Social Psychology of the Holocaust

            Analysis of the underlying social psychology.



             The hate and prejudice that began the Holocaust went hand in hand with a political agenda that was fueled by the frustration aggression theory.(1) Hitler blamed the Jews for the loss of World War I and thus, instead of targeting political aspects of the Jewish community, he displaced his aggression towards ALL Jews, even the helpless.

             This, combined with religious anti-Semitism prejudice that had been present in Germany for 1500 years and the theory of "eugenics", was the political and instrumental center of Hitler's political campaign.(5) He used a system of 'elimination of freedom', which he felt was necessary in the conditioning the German people to follow him. This meant that he would slowly change the rules, allowing him to gain more and more control over his people. New laws preventing rebellious attempts to overthrow his government and the elimination of non-supporters that would possibly dissent, (disagree with his plan)(1), gave Hitler complete control over what happened within the country's boundaries.(5) .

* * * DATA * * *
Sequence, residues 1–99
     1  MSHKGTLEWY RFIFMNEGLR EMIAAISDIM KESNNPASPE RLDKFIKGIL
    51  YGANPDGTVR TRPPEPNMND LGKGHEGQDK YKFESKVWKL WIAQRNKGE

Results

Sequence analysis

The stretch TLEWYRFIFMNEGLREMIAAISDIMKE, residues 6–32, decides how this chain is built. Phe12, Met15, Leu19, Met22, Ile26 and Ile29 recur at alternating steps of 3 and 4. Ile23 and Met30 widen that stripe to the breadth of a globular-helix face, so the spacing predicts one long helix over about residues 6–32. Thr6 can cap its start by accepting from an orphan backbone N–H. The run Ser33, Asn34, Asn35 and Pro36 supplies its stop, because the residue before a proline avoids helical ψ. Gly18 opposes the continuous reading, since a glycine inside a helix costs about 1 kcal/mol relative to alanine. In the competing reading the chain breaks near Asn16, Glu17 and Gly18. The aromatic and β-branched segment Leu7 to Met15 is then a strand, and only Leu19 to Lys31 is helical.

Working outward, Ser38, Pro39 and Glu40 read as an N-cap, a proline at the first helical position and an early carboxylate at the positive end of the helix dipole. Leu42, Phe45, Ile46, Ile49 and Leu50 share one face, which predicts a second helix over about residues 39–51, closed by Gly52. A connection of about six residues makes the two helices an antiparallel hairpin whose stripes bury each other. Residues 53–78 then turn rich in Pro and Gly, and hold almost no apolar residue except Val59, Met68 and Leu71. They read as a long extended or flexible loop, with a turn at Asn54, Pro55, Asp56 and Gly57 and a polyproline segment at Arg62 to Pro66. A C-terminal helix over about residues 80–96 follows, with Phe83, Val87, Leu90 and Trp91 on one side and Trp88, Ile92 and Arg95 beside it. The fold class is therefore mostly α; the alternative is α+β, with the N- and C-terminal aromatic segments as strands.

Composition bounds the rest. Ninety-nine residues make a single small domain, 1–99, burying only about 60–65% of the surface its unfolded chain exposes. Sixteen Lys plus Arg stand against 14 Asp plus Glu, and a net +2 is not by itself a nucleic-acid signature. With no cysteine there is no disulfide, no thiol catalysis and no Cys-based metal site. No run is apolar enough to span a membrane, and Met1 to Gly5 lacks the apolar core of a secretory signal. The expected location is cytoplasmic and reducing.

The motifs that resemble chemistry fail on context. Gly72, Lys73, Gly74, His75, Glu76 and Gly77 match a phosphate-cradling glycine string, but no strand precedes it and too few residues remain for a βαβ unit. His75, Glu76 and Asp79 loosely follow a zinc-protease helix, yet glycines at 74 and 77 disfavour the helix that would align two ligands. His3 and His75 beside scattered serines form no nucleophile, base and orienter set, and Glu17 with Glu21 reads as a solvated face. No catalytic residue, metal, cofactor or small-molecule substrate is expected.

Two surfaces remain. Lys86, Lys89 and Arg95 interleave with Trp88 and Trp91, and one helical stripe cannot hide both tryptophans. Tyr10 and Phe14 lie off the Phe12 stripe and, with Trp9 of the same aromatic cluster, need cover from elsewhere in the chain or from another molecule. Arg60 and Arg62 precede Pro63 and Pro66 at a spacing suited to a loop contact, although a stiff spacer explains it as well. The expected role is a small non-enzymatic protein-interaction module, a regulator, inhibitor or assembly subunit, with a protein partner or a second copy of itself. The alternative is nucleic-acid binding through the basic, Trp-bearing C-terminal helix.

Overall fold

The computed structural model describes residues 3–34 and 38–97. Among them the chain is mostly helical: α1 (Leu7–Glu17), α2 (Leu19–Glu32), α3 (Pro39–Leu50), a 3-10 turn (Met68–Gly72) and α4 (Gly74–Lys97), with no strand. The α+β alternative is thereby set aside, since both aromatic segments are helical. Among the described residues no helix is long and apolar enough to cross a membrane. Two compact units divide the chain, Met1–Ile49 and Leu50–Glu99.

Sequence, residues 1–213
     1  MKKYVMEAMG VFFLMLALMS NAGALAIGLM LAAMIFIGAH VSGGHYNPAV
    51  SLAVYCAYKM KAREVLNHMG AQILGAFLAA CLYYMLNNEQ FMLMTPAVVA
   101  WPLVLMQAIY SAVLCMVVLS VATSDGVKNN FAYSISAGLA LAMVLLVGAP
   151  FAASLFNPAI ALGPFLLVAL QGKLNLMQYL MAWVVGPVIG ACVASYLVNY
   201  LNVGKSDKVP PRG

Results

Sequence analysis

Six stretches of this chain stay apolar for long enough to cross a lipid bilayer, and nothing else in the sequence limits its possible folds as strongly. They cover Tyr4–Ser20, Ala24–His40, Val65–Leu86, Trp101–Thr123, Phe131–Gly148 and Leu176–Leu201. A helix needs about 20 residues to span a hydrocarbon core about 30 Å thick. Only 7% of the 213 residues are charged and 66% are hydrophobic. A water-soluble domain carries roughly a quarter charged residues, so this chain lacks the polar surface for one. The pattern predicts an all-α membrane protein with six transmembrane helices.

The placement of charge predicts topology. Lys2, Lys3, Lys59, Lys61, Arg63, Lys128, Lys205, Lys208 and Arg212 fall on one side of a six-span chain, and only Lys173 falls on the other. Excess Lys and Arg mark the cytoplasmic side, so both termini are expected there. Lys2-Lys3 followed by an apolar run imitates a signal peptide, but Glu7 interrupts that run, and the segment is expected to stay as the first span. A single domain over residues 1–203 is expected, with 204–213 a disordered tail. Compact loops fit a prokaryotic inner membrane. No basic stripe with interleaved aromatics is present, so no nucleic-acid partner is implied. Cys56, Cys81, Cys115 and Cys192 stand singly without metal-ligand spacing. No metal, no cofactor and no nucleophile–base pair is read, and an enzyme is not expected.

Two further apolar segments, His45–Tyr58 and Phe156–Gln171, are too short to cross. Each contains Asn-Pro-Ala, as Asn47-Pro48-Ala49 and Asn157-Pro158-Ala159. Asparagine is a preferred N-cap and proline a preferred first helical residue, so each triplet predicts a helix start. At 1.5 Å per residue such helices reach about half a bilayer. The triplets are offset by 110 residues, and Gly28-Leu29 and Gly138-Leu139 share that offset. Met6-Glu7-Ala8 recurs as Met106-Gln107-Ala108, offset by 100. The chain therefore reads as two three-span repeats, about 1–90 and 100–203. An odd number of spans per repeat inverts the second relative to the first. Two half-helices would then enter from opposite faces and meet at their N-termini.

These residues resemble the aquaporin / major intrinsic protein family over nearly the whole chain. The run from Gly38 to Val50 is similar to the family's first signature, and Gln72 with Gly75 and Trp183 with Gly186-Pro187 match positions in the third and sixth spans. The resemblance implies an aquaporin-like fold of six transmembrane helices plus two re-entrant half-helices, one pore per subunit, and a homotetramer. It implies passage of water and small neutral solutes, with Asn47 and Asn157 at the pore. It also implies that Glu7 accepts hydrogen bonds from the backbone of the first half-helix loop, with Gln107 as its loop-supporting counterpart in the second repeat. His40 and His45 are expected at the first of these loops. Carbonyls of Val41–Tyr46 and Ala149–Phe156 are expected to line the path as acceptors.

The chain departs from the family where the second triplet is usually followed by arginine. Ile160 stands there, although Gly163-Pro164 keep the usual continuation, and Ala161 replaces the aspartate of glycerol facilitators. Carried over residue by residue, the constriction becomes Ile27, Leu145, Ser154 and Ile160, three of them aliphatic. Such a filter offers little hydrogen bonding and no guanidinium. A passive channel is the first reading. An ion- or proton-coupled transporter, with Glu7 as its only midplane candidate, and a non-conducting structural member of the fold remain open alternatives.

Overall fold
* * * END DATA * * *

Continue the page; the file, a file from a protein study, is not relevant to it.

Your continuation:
He further conditioned the Germans to accept the program for the 'final solution' of the Jews with the constant onslaught of misleading propaganda. Propaganda is the dissemination of ideas and information for the purpose of inducing or intensifying specific attitudes and actions.(4) This misleading information conditioned the German people to stereotype all Jews as evil and thus most of them became prejudice. This was an effect of what is called the availability effect.(1) That is, they made stereotypical judgements based on the information available to them. Many of the Germans had been raised under the influence of this propaganda and it was all that they knew about the Jews, thus, the only available information with which to make judgements by.

             Under the umbrella of ethical relativism,(2) these judgements were ethical in relevance to the German culture at this time, and thus, widely accepted by the German people.

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